The explanation of my reverie is easy. The island is the world, secured from judgment by the dyke of time. Nevertheless time will cease and judgment come, and “the heavens shall pass away with a great noise, and the elements shall melt with fervent heat; the earth also and the works that are therein shall be burned up” (2 Pet. 3:10). Such is the fearful but certain end of this world. The feeling of insecurity, produced by the declaration of the judgment of God, creates in the mind a desire for safety. To escape the judgment of God is the object before the mind of the sinner. But what is to be done? Sin has come in and has separated the soul from God—the moral distance is infinite. God hates sin, and must punish it. How then can the Sinner come near Him? Only thus: “God so loved the world that he gave his only begotten Son that whosoever believes in him should not perish but have everlasting life” (John 3:16). God had an interest in the world and in the people of it. He loved them, though He hated their sin. He planned their salvation, whilst He punished their sin. He brought in security for them on the ground of the judgment of their sin. He formed the bridge of atonement in the death of His Son on the cross, whereby sin is “put away,” and the soul of him that believes put in possession of “everlasting life.” This wondrous bridge was erected by God Himself, and is open for the guilty sinner without money, or price. Strange to say, yet true, this bridge is unpopular. It is narrow, though free, and man prefers a road that gives more latitude to his own will.
Hence he has constructed other bridges. There is the bridge of Baptismal Regeneration. It is of comparatively recent date, and promises well. On this bridge people enter young, and are cared for by a large and diligent staff of ecclesiastical nurses, who deal profusely in ritualistic arts and practices. They absorb in themselves the conscience of their patients, and silence their frequent fears and misgivings by any kind of spiritual opiate. At one point, however, the bridge breaks down. It fails to span a deep chasm in the channel called salvation. The passengers can never say that they are saved, forgiven, justified or made children of God. They become outwardly religious, but remain unpardoned. That question is viewed as a matter wholly of the future, and hence they move on unwarily and die in their sins. They cannot enter the land beyond the river.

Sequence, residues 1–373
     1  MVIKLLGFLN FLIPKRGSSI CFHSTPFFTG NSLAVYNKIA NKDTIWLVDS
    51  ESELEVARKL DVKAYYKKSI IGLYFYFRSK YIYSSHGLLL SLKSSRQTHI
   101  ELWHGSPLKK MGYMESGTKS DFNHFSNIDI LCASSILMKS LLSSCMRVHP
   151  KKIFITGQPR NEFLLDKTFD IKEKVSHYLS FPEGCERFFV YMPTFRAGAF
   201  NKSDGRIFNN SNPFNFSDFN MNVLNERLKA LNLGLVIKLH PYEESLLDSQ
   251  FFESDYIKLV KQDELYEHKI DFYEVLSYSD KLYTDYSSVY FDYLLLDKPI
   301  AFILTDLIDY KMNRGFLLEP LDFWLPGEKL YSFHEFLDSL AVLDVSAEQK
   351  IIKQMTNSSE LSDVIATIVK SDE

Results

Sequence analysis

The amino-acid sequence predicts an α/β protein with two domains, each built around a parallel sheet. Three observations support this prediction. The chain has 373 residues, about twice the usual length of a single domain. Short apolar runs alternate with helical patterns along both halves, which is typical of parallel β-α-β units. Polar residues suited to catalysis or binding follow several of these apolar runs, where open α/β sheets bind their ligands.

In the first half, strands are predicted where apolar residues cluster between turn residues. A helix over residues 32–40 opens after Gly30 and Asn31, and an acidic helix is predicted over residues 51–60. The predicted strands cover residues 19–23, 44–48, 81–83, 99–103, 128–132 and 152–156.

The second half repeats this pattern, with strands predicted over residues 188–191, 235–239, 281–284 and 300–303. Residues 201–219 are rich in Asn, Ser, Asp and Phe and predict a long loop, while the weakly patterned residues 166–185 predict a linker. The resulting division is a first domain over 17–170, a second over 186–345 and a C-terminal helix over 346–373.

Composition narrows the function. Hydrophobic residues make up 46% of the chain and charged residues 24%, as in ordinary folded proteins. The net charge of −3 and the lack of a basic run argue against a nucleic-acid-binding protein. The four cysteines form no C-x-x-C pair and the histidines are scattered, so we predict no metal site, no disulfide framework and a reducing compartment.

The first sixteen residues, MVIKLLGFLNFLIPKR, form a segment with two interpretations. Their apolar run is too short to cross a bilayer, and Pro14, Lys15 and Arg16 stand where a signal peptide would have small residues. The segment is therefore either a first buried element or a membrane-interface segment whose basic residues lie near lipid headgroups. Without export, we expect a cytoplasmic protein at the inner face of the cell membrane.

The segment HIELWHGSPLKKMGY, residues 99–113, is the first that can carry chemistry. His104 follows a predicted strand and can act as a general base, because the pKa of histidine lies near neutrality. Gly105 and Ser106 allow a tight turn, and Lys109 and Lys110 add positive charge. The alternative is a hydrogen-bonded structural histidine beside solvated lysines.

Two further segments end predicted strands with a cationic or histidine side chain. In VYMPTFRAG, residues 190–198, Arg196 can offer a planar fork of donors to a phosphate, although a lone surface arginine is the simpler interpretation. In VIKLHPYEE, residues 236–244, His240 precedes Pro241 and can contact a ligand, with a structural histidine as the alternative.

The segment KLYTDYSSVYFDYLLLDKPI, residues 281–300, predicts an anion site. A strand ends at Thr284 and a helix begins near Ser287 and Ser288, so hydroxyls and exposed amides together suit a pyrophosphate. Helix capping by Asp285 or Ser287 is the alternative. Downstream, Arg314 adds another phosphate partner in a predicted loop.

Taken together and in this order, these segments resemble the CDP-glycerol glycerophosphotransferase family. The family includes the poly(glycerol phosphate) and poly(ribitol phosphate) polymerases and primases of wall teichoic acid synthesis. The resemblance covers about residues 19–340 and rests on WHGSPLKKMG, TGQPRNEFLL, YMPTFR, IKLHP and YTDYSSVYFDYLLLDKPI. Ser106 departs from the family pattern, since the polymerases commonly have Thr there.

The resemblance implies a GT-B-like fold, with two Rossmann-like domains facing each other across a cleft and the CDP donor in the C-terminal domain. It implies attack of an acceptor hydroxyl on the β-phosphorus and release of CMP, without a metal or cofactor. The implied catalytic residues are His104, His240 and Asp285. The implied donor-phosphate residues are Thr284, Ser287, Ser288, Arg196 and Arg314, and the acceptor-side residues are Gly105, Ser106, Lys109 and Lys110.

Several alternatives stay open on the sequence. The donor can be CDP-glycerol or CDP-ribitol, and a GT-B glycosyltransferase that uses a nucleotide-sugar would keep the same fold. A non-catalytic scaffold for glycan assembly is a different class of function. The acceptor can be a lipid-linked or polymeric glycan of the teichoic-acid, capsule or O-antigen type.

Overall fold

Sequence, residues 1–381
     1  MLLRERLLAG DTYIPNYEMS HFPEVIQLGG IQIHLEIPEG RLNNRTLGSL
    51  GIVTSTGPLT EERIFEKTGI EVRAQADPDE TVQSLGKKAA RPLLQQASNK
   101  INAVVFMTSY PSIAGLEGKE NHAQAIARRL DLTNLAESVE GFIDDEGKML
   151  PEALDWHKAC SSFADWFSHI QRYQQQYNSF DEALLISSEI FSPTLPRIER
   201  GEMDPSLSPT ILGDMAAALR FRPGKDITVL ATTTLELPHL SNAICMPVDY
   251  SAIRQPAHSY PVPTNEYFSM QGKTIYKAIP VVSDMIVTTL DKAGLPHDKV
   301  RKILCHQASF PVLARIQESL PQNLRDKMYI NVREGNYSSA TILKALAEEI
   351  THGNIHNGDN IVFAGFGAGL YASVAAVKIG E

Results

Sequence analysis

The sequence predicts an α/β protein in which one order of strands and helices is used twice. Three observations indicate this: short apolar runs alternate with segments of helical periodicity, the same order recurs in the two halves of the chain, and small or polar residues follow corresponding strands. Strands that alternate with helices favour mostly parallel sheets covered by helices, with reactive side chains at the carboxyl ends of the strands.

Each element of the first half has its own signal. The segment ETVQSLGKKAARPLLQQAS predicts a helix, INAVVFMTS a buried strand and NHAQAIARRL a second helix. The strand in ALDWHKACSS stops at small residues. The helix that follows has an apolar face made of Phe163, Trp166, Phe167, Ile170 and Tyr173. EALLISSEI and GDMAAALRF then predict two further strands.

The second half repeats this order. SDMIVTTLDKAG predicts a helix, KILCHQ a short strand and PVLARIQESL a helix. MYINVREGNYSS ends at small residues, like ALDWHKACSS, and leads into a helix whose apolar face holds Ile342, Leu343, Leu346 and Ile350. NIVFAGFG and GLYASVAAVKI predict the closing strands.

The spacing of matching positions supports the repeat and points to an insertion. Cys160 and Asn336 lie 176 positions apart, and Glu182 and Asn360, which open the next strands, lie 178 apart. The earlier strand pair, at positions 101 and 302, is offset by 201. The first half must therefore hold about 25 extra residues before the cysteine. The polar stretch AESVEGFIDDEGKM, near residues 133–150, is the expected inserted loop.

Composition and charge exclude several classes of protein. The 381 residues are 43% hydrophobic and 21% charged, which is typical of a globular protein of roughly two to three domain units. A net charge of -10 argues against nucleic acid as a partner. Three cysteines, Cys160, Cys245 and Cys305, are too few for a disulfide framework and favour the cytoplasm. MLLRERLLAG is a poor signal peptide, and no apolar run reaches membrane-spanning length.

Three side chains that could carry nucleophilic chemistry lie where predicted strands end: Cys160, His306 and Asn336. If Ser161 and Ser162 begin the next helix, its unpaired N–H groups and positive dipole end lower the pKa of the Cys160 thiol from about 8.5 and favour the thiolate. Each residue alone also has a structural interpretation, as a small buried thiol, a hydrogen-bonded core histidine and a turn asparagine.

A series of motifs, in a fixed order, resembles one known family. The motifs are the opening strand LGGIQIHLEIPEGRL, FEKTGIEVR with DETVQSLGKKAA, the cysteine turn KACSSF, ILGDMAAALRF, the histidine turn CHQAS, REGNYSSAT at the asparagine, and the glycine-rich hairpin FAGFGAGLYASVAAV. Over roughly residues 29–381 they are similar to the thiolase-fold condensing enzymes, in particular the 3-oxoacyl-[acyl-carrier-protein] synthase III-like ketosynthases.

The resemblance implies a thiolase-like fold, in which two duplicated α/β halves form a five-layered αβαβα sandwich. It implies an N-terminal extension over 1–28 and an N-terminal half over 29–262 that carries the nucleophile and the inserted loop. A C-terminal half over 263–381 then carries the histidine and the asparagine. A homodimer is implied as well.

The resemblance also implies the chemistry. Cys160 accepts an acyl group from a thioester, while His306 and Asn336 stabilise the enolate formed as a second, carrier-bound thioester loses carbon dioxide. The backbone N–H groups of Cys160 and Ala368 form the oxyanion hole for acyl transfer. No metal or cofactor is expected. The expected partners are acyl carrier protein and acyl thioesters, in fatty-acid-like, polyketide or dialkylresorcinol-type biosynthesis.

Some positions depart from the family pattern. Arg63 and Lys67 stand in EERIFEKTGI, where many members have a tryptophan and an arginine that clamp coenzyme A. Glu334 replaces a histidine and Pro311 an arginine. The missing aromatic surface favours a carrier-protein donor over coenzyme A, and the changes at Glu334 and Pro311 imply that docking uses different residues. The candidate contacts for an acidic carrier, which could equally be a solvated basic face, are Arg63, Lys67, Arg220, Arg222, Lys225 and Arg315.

Another bridge has been reared for those who are more able for work than the young. This is the bridge of works. Constructed originally in the days of Moses (in order to prove that the strongest man was only “without strength”), it has been exceedingly popular ever since. It seems to flatter the pride of man by saying, “if you can do these things you shall live.” Hence many make the effort. Now, one man entered on this bridge and succeeded in reaching the further extremity, when to his horror he found the incompleteness above referred to. He turned at once, and, retracing his footsteps, he warned his fellow-travellers by the following words, “By the deeds of the law shall no flesh living be justified;” and again, “As many as are of the works of the law are under the curse.” Not as many as refuse to enter the bridge, or, having entered it, break down on it, but as many as are on it, and are doing their utmost to persevere to the very end. This man, having forsaken the bridge of works, found safety in that of faith, accepting salvation on terms that were free—“without money, and without price.”
The majority, however, are careless. They believe in coming judgment, but they have “no fear of God before their eyes.” They eat, they drink, they buy, they sell, they build, they plant, they live, in short, for self and time, and put the claims of eternity aside. Some are infidel, some men of business, some men of pleasure; all have their own thoughts and engagements, but all turn a deaf ear to the voice that calls to them.
Dear reader, if you should be one of them, let me beseech you to “flee from the wrath to come;” or, on the other hand, if you should be on the bridge of works or on that of Baptismal Regeneration, let me in like manner warn you of the impossibility of entering the kingdom of God on that plan which was never made nor intended by Him.
The rather let me invite you to Him who says, “Come unto me all ye that labour and are heavy laden, and I will give you rest” (Matt. 11:28).
Oh, the unspeakable sweetness of this rest! Rest from judgment. and the fear of it; rest from legal effort and the need of it; rest in the joy of a known salvation, and rest in the conscious love of Him who, at the cost of His own life, made heaven the certain abode of all who trust in Him.